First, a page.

Max and an op-ed piece by David Brooks a couple of weeks ago titled "A Psych Approach," as well as a professor who just condemned me offline as "touchy feely" has gotten my lather up. So, here goes. And, you're telling me that we're not in the people business? Read the "fine print!" It says that if you're interested, truly interested, in nothing else than a student's achievement, even in grades and test scores and GPAs, you still must be concerned with that student as a person. You must understand and deal with what goes on outside the classroom, for it comes into the classroom; you must take into account and honor that what goes on inside a student has an enormous impact on what comes out. There is a link between lives lived and performance. As David Brooks said, we just may have to psychologize higher education. If we don't, we fall into what the psychologists call "attribution error;" we misinterpret the reasons for action or inaction. Now, you say, "It's not my job." Fine. You day, "I don't have the time." Fine. Then, don't say, "I care." Stop pretending!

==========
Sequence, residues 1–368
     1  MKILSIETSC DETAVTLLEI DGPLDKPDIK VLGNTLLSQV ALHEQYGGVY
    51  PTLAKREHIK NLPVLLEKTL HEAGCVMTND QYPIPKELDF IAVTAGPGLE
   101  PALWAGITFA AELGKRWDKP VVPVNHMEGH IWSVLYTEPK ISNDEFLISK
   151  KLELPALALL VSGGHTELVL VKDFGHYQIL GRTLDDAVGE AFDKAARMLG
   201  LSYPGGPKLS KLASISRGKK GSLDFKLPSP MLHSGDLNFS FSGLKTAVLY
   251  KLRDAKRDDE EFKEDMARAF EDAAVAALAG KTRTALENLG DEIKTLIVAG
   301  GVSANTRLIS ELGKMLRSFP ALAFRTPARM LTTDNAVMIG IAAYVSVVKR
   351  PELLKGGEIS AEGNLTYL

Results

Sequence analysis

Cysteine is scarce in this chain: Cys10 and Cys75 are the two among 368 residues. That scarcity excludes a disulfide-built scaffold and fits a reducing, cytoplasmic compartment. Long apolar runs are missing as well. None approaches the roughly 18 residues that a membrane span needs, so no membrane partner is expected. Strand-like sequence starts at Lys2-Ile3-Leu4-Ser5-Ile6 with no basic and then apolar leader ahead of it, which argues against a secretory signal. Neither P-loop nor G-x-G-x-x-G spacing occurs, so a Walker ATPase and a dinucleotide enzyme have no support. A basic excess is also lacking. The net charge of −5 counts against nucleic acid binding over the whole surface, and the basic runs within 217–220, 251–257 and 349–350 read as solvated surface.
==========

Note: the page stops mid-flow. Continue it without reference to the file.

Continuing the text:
You know, if you do read the "fine print," you'll see that school failure, the drop out rate, flow more from psychological spring wells than have intelligence roots. Dysfunction comes in all forms, can impede achievement, and can ruin a student. I read about 120 journal entries a day. I read of debilitating pain, fear, focusing on short comings, depression, feeling threatened, spread thin, running helter-skelter, sickness, drugs, alcohol, deaths of friends, stress, accidents, law-breaking, dying family members, loss, insecure relationships, abusive relationships, sex, peer pressure, distractions by rushing and sports and theater and music, feeling lost and without direction, impatience, quirkiness, pregnancy, abortion, lack of funds, economic pressures, sadness, jobs, children, husbands, wives, controlling parents, divorcing parents, vulnerabilities, loneliness, frustration, pressure, cheating girlfriends, cheating boyfriends, disability, embarrassment, inexperience with life, rush of hormones, and a host of other slings and arrows. There are a lot of stressed, unhappy, pessimistic, insecure, disbelieving, confused, inexperienced young people in our classrooms in desperate need of guidance, caring, faith, encouragement, support--and love. Their lives are not simple, easy, safe, convenient, comfortable. They feel they are in an exhausting three-ring circus. These emotional, social, personal, and economic anchors produce dragging stress and distraction. They throw the students out of focus, don't allow them to function, lead to "quirky" and often illegal behavior, and undermine effort. All that too often trumps intellectual assets, hinders academic progress, and are barriers to success. Instead, so many of us revere, recognize, and award the "highest" while demeaning and having little patience with the "lowest.